Montenegro: Hello, Good-bye

The latest parliamentary elections in Montenegro—the smaller partner in the Federal Republic of Yugoslavia—have failed to resolve the federation’s future status. The ruling pro-independence coalition, which advocates a break with Serbia, and pro-federation parties emerged nearly even in the April 22 poll. President Milo Djukanovic’s pro-independence “Victory Belongs to Montenegro” won a slim majority over the pro-federal coalition “Together for Yugoslavia.” But the majority enjoyed by Djukanovic and his allies—5,000 of the total 360,000 votes cast—was too small to enable his group to form a government by itself.

The Victory coalition won 36 seats in the 77-member parliament, while the pro-federation parties won 33. Albanian parties won two seats, and the tiny Liberal Alliance won six seats. Talks on a future government will be tough for Djukanovic because the Liberals insist that Podgorica sever all relations with Belgrade. Djukanovic’s coalition prefers to maintain some ties to Serbia.

“No side has reason to be satisfied with the results, although the pro-independence bloc will have an advantage in parliament,” Srdjan Darmanovic, a Montenegrin analyst, told the Podgorica-based pro-government Pobjeda (April 24).

Still, Belgrade, which supported pro-federation parties, “cannot be satisfied either. [Yugoslav President Vojislav] Kostunica and [Serbian Prime Minister Zoran] Djindjic can rest comfortably, since the bloc they supported did better than expected. The federation option, however, enjoys only minority support,” Darmanovic said.

“The elections cheered and saddened supporters of both Montenegrin independence and the pro-Yugoslav option—a fact that leads one to conclude that Montenegro’s small electorate confirmed a political stalemate,” commented columnist Ivan Torov of Belgrade’s independent Danas (April 28). “Both sides have reason for pause: Djukanovic’s troops must consider whether an incorrect strategy after Milosevic’s fall provided an unconvincing victory. [Pro-federation leader Predrag] Bulatovic’s allies have to consider why the pro-independence option won a majority despite the strong influence of Kostunica’s nationalistic bloc and pre-election pressure by Western countries and Russia,” Torov said.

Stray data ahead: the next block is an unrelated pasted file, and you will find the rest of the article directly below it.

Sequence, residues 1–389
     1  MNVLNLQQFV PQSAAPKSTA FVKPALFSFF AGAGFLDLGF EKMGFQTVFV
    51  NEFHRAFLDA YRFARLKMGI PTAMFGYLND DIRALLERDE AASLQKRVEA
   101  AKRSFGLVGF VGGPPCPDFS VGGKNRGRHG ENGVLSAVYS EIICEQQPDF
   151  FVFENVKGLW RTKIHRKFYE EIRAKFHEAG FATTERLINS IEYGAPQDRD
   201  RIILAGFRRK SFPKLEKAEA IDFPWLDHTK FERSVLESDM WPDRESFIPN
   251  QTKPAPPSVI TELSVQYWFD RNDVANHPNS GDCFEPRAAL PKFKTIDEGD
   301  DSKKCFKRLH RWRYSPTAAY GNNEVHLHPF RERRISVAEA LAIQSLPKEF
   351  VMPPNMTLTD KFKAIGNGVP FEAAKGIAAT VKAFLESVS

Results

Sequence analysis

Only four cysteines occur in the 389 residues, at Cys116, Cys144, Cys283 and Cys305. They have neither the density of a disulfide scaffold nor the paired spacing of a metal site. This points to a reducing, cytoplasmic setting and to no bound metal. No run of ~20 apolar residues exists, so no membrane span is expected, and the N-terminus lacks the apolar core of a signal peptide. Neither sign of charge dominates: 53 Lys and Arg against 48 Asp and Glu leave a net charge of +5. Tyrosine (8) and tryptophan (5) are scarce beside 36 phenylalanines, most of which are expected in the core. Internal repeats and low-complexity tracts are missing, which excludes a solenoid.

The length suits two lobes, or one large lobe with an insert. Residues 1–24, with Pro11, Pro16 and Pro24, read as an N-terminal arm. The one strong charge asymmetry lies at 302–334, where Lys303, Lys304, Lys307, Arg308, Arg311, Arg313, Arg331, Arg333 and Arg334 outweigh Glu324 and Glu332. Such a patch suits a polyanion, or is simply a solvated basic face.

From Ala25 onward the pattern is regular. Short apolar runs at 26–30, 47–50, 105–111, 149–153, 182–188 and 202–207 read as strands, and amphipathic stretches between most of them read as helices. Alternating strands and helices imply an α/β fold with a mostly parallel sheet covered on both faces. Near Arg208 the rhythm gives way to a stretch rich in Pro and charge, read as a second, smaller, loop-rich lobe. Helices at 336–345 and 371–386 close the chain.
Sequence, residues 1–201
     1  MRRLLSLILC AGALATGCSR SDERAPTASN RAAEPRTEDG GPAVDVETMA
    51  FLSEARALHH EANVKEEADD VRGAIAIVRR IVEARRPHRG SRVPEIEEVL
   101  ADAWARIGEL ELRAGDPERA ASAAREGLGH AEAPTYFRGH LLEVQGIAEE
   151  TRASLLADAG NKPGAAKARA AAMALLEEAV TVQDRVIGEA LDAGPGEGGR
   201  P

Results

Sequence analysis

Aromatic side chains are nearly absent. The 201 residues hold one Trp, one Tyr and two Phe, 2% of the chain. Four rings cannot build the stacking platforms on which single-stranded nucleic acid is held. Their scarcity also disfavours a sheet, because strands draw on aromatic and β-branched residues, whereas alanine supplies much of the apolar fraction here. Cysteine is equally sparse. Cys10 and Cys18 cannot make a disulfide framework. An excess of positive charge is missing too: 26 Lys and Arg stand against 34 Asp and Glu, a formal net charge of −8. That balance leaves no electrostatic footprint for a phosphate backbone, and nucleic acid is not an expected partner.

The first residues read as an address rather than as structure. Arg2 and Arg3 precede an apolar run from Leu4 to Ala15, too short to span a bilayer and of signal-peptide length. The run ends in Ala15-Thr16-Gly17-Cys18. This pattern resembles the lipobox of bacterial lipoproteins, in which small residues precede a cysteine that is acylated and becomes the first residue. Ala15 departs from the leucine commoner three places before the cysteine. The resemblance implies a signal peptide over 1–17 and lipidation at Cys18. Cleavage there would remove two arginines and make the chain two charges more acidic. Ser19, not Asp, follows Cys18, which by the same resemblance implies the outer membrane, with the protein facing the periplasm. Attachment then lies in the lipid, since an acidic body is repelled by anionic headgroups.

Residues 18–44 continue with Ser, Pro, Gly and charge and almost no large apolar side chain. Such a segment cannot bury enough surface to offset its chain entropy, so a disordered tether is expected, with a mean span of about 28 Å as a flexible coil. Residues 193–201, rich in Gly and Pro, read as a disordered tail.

Pobjeda declared (April 24) that the elections showed Montenegrins’ faith in “a new basis for better relations with Serbia and others in the region.” Milka Tadic, of Montenegro’s independent weekly Monitor (April 27), went further: “In these elections, the joint state of Serbia and Montenegro has become illegitimate.”

Naturally, the view from Belgrade was rather different. Stojan Cerovic, a columnist for the independent newsmagazine Vreme, wrote (April 26): “Djukanovic should organize a peaceful and disciplined withdrawal from the pro-independence position—which failed to win a majority—and start working on reconciliation of his own people, whose division he has contributed to.” Cerovic said that the independence position made sense when Milosevic was in power: “Without a clear threat from Belgrade, however, such a policy becomes senseless, unreasonable, risky, and suspicious.”

How can the stalemate in Montenegro be resolved? “The April elections showed, in colorful words, that Yugoslavia was clinically dead in Montenegro, but Montenegro has yet to come to life,” Monitor’s Tadic wrote.

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